November 15, 2012 by Reader's Connection
When I got Robbie the Robot for Christmas, he was positioned in front of the tree and could gaze out robotically over the living room. Each of us boys received a treasure, every year, that we had asked for especially; and these were always on display when we came downstairs. When I was eighteen, though, and asked especially for a copy of Death on the Installment Plan, by Louis-Ferdinand Céline, my mother put it in a shirt box and snuck it up under the tree.
With that in mind, I hesitated before putting Mortality, by Christopher Hitchens, on this year’s list of gift suggestions. Embattled atheist Hitchens, who died last December, was suffering from esophageal cancer when he wrote the pieces that are gathered here. He never retreats from his atheist stance in these pages–indeed, he shines merciless light on those who exalt in the idea that he is being punished by God.
Your first thought might be: Nobody wants that book for a holiday gift. But my wife gave it to me for my birthday, last month, and I can promise that you don’t have to be an atheist to enjoy it. If any souls on your list love good essay writing, they might go for Hitchens, as long as you put some thought into how you present the gift. Don’t just clunk Mortality down next to someone’s pumpkin pie.
Hitchens writes of having migrated to “the sick country,” and he offers a little travelogue:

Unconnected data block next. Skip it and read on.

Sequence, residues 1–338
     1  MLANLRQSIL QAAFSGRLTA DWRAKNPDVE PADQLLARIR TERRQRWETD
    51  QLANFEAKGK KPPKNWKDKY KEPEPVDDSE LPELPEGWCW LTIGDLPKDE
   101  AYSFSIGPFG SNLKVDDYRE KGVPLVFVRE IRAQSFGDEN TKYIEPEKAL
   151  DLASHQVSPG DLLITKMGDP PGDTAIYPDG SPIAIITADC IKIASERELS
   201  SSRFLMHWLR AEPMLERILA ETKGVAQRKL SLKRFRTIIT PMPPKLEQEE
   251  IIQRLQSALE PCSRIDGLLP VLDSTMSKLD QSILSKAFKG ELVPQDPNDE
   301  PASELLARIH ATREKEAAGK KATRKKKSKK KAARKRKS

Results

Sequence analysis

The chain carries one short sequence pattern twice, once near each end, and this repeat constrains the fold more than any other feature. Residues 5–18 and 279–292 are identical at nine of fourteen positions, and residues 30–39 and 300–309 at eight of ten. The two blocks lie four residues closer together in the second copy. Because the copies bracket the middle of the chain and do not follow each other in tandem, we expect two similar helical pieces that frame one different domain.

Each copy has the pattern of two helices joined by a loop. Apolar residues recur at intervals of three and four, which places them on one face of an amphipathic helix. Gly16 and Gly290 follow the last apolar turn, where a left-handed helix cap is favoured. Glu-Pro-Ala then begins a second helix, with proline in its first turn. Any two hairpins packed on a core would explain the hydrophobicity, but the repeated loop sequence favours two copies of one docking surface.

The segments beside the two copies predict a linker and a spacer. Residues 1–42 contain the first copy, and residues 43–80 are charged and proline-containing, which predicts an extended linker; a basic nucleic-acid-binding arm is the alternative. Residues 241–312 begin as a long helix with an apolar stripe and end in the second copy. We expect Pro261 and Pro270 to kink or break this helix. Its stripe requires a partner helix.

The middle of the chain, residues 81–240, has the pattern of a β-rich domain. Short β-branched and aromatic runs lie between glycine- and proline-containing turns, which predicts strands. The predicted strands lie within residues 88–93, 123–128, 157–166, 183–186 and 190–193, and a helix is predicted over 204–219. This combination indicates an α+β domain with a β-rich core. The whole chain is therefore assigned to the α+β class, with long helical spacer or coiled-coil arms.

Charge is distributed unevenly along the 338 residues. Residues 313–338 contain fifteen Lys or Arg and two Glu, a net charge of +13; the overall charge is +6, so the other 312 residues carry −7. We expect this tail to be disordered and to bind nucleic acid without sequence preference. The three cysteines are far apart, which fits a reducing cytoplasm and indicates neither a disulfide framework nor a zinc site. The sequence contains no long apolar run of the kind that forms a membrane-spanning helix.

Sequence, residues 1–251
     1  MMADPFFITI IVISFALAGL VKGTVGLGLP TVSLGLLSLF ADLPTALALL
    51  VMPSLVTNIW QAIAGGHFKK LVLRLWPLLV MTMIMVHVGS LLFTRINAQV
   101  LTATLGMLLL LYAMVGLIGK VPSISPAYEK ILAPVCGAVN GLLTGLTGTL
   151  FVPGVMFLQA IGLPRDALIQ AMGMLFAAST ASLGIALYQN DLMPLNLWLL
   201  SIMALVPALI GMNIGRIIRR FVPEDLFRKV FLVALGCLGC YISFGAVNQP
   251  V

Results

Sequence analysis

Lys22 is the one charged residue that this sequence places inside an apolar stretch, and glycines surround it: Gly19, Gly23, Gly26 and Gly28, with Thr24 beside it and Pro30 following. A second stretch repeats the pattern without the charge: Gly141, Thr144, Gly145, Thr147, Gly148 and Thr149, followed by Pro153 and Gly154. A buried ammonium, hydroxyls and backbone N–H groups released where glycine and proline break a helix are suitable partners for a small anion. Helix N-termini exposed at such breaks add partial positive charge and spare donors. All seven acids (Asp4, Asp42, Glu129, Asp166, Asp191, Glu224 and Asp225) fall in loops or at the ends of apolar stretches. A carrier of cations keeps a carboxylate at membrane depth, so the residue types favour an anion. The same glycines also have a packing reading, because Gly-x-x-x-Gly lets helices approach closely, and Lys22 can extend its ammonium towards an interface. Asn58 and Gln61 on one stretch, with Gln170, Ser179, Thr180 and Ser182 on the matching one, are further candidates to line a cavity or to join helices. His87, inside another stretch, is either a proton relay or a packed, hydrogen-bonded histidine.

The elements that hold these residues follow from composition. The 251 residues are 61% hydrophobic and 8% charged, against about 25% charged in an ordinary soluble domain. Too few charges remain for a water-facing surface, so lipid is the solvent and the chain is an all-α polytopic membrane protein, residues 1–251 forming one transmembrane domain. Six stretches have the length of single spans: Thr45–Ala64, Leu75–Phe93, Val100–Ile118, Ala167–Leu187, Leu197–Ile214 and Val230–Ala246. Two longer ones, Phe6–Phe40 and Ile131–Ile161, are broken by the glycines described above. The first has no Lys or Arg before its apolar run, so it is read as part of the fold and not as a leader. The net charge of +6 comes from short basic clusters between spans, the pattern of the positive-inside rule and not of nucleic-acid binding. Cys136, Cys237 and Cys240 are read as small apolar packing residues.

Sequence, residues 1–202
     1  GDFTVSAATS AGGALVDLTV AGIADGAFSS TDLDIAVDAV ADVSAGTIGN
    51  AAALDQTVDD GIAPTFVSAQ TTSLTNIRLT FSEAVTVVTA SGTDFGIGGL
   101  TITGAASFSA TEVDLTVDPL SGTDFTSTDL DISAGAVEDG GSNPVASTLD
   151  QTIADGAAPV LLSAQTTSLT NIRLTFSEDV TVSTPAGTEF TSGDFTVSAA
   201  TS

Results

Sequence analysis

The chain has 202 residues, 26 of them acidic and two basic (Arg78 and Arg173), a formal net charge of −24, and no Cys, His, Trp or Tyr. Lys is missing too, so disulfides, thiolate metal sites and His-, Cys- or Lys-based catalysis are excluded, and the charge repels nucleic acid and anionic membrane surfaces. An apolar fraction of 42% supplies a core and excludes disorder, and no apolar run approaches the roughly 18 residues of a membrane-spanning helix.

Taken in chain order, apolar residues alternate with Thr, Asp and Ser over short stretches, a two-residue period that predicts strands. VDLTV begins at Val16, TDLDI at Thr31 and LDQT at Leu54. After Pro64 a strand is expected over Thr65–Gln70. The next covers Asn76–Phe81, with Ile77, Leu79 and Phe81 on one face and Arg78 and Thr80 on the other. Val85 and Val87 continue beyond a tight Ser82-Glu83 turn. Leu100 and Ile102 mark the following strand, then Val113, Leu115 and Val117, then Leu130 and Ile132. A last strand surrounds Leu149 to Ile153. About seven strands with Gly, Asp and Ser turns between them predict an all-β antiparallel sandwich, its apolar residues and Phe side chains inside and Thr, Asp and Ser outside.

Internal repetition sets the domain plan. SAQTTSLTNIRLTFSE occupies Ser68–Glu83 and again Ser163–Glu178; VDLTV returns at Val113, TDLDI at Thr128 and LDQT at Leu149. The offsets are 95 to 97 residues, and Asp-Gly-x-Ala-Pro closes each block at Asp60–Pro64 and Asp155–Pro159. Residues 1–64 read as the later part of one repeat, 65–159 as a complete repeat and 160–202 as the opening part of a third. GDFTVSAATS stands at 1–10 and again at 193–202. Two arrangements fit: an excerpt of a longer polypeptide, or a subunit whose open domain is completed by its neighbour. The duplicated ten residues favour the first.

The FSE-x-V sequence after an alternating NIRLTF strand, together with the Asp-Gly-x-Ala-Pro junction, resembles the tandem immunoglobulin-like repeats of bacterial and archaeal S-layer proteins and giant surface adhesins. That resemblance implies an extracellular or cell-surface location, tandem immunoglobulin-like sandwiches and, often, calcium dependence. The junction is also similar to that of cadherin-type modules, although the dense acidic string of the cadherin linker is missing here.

The new land is quite welcoming in its way. Everybody smiles encouragingly and there appears to be absolutely no racism. A generally egalitarian spirit prevails, and those who run the place have obviously got where they are on merit and hard work. As against that, the humor is a touch feeble and repetitive, there seems to be almost no talk of sex, and the cuisine is the worst of any destination I have ever visited.
Speaking of sex:
But I wasn’t quite prepared for the way that my razor blade would suddenly go slipping pointlessly down my face, meeting no stubble. Or for the way that my newly smooth upper lip would begin to look as if it had undergone electrolysis, causing me to look a bit too much like somebody’s maiden auntie. (The chest hair that was once the toast of two continents hasn’t yet wilted, but so much of it was shaved off for various hospital incisions that it’s a rather patchy affair.) I feel upsettingly denatured. If Penélope Cruz were one of my nurses, I wouldn’t even notice.
If you’ve guessed that not every page can be laced with humor, you’re right. But every page is clear-eyed, and gives some glimpse of a journey that none of us wants to take. I’m grateful, and in awe of this man’s ability to stick to his writing. You know that expression, Whatever doesn’t kill me makes me stronger? Hitchens thought it was a bunch of crap. Though of course he puts that more eloquently.